The whitebait season had not been running long when we planned a southern coast-to-coast excursion in search of the ultimate West Coast delicacy.
Despite reports of a poor start to the season and low net numbers, we were optimistic. Grandparents from Timaru and grandchildren from Auckland also wanted to see parts of the countryside not visited for a year. And we wanted to travel without the hassle of anyone having to drive. Toll's TranzAlpine was the best way to go.
Friends had invited us to their high country station, so the most convenient boarding point for this rail journey was Springfield, the township at the foot of the Southern Alps which is also home to an austere but grand Rewi Alley memorial.
The late farmer, teacher, social reformer, peace activist and writer, who spent most of his life in China, was born in this tiny Hurunui District town and his memorial stands near the railway station.
Passengers who boarded the TranzAlpine at Christchurch had already been riding the iron rooster for an hour across the plains, through Rolleston, Kirwee, Darfield and Sheffield.
Toll had booked us a four-seat berth so we settled in for morning tea as our carriage glided quietly out of Springfield.
The TranzAlpine was facing the soaring Torlesse Ranges and headed into some of the trip's most spectacular alpine scenery. Westward-bound with two diesel engines to haul us through one particularly steep tunnel beneath the Southern Alps, we flew past the tiny red railway shed at Cass. This station was made famous in the 1930s by the Rita Angus painting which hangs in the Christchurch Art Gallery. The tiny weatherboard building was repainted by a rail heritage group to emulate the colours seen by the artist. Art mimicked life, now life imitates art.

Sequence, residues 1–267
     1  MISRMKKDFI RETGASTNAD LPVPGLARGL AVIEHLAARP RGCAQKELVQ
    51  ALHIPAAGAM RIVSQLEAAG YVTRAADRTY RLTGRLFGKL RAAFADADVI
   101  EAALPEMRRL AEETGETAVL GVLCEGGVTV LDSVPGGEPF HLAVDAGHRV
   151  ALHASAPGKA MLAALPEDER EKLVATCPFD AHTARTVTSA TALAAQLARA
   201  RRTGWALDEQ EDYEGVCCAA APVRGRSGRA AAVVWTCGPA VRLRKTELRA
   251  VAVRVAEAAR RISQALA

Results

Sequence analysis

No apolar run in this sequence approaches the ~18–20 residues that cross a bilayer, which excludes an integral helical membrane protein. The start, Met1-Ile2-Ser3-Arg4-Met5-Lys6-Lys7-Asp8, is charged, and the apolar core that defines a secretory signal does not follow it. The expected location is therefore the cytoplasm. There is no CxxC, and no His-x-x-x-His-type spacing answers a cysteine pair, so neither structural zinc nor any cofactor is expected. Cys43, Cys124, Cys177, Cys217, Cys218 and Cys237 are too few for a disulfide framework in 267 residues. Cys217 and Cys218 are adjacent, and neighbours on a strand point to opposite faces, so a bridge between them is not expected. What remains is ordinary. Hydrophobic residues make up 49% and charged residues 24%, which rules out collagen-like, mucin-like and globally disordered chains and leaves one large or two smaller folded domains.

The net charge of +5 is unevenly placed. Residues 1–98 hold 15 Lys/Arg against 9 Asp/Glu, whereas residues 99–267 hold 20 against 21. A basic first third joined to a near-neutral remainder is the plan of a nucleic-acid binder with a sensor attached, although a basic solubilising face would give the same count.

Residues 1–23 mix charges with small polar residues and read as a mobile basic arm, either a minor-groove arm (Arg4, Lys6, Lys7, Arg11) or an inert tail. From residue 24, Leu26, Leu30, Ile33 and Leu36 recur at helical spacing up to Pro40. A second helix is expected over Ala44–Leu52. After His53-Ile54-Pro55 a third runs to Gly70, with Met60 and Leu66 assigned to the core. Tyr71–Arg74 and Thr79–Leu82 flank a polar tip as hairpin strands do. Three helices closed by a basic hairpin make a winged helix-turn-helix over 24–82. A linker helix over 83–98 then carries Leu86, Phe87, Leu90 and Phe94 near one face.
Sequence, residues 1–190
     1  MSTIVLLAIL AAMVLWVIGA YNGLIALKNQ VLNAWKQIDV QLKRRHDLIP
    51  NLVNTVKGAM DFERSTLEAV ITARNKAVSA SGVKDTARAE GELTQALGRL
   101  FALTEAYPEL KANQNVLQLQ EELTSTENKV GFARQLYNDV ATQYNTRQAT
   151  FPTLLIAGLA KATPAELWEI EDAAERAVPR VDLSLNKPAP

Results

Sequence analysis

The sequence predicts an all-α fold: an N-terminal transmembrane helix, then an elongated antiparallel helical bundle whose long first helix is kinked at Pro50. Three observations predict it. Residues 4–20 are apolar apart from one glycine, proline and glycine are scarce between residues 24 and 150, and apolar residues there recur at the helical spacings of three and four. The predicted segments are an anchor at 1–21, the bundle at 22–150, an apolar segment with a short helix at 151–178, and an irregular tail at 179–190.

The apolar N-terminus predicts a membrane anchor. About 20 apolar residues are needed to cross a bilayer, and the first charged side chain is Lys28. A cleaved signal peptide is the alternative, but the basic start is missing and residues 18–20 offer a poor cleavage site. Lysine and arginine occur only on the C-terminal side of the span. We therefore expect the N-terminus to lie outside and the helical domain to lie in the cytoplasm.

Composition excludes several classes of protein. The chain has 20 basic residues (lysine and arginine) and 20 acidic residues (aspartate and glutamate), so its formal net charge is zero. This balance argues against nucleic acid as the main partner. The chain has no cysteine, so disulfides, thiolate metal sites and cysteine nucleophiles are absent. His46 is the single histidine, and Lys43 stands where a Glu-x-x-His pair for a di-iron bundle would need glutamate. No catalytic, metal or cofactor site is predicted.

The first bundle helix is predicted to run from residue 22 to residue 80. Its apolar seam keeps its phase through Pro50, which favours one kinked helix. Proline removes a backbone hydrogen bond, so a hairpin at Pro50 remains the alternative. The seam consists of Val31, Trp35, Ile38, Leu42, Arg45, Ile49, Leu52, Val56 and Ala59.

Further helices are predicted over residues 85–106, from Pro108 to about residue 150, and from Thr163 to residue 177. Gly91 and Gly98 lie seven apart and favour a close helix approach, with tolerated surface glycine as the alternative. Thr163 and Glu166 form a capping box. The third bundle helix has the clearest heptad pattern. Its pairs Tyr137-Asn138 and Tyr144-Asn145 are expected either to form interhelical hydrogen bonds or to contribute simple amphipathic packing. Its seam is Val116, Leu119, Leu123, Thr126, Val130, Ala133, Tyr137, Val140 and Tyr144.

The awesome Waimakariri Gorge at the border of the ranges is so vast that cars headed towards the mountains on the opposite side of the braided river system appeared as toys.
The first of 16 tunnels loomed as we headed for the Staircase Gully Viaduct where the train slowed to traverse a set of rail bridges perched high above the narrow river valleys: Big Kowai 20m above the Waimakariri riverbed, Patterns Creek 37m, Staircase Gully 72m, Broken River 55m and Slovens Creek 39m.